Welcome to Diabetes Prevention Thursdays! Today, we’ll look at the biotechnical attempting to cure diabetes. Diabetes has become a global epidemic, affecting 422 million people, an increase from 100 million 24 years ago. With this trajectory, it’s become clear that developing a cure is a high priority.
The biotech industry is making tremendous strides, especially for type one diabetes (T1D). Type two diabetes (T2D) is also concerning because it comes with many potential complications if poorly managed.
Recent advancements in the industry have improved the ability to monitor this condition much better, and other research is very promising for the future.
Let’s take a look at these exciting advancements.
Diabetic Monitoring Advancements
As science and technology stride forward in the war against diabetes, glucose monitoring continues to improve.
The first product being developed is called the smart contact lens. Jihun Park and his colleagues at the Ulsan National Institute of Science and Technology in South Korea have already created a prototype.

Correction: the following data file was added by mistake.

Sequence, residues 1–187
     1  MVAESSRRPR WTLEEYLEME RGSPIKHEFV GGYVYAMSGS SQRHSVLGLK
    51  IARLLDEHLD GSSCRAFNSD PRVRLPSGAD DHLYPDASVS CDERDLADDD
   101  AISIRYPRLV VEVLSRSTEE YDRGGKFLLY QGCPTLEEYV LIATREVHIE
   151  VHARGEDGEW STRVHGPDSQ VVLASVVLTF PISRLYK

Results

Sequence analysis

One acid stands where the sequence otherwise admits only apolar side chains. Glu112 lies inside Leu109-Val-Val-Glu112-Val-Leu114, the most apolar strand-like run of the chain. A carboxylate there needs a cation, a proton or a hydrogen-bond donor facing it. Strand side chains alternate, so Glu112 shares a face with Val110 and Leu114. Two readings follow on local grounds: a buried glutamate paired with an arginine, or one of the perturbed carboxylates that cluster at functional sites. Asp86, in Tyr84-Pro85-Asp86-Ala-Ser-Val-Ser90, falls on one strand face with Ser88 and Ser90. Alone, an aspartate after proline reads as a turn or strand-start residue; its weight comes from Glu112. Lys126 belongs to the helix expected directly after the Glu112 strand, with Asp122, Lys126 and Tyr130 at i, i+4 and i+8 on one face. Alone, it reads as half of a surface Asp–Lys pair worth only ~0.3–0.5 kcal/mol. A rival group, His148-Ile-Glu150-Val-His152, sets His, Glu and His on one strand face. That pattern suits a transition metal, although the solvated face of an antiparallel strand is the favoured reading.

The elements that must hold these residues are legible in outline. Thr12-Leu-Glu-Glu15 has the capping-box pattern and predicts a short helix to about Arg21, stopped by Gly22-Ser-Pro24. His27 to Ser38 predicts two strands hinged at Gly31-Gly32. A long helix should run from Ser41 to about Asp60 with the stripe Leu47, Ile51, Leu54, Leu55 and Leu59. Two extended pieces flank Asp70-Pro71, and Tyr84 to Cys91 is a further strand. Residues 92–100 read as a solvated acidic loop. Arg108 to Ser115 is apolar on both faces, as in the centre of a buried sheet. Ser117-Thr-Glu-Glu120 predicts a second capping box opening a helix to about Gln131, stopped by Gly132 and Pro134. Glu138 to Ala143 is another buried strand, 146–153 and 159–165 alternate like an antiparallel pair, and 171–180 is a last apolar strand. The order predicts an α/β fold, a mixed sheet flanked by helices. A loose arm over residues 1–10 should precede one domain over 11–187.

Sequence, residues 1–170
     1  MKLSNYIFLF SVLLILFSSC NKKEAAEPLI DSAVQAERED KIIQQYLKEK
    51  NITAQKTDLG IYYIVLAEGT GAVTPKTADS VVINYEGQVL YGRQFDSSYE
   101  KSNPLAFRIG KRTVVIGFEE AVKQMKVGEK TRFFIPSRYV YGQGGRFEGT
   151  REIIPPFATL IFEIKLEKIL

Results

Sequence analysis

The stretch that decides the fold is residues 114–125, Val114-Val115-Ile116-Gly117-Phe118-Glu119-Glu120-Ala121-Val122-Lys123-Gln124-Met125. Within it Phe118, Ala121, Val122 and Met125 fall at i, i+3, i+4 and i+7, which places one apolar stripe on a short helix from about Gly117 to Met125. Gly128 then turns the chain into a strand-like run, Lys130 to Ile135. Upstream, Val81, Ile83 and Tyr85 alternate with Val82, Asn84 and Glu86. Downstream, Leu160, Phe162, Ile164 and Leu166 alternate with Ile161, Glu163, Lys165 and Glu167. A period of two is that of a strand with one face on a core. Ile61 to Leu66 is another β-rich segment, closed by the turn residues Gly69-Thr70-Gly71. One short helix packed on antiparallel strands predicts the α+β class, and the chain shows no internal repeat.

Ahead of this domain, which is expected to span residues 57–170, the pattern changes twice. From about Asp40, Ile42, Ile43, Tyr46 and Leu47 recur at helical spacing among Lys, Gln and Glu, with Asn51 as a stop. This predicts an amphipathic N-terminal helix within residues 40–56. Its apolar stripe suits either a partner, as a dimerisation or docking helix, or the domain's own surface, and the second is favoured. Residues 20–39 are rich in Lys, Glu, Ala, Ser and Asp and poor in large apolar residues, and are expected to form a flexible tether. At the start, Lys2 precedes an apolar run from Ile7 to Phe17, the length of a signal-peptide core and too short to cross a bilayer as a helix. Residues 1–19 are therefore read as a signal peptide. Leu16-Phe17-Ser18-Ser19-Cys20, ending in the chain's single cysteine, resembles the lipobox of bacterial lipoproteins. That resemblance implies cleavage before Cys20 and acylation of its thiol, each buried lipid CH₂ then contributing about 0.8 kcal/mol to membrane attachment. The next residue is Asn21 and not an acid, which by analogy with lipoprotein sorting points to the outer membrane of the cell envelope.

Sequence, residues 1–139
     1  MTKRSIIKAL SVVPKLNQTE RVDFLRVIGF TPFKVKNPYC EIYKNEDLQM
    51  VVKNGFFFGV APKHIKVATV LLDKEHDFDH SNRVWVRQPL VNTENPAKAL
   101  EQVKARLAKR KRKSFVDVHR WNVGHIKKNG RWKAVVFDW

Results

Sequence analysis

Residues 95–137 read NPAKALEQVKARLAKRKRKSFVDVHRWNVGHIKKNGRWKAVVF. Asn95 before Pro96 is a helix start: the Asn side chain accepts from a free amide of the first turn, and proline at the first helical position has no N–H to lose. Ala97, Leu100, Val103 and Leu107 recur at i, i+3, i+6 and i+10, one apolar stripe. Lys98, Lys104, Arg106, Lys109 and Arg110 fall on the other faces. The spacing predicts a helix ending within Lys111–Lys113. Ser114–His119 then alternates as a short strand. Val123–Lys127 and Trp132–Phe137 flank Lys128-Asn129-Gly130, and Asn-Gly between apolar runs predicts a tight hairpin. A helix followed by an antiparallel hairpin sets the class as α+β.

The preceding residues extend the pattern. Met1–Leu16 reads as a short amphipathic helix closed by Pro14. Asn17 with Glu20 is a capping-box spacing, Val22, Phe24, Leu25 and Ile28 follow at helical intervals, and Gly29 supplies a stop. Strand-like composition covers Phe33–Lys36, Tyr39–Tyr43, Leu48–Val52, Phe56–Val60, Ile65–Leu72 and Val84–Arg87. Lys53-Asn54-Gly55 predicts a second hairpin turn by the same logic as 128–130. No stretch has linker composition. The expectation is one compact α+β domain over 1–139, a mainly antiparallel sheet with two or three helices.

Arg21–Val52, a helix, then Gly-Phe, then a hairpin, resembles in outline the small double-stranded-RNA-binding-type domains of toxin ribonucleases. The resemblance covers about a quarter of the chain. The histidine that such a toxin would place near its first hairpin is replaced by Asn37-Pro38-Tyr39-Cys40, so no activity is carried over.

The lens looks like a regular contact lens, and it’s designed for comfort. As soon as your glucose levels spike, the lens switches over to light-emitting diode (LED) mode, which allows you to read your glucose levels in a mirror.
Another non-invasive monitoring method is adding special ink to tattoos. Created at the Massachusetts Institute of Technology (MIT) and Harvard, the color-changing ink turns brown when your glucose levels spike.
The pleasant point about these ideas is that they offer ways to monitor your glucose levels without pricking your fingers. Another non-invasive monitor includes a graphene patch that monitors hair follicles.
The needle-free monitoring revolution has begun, but challenges still need to be overcome.
Lexicon Inhibitor Trials
Another therapeutic approach is under investigation in T1D, and more research might make this a viable option for T2D. Lexicon Pharmaceuticals has run successful trials of a new drug called LX4211.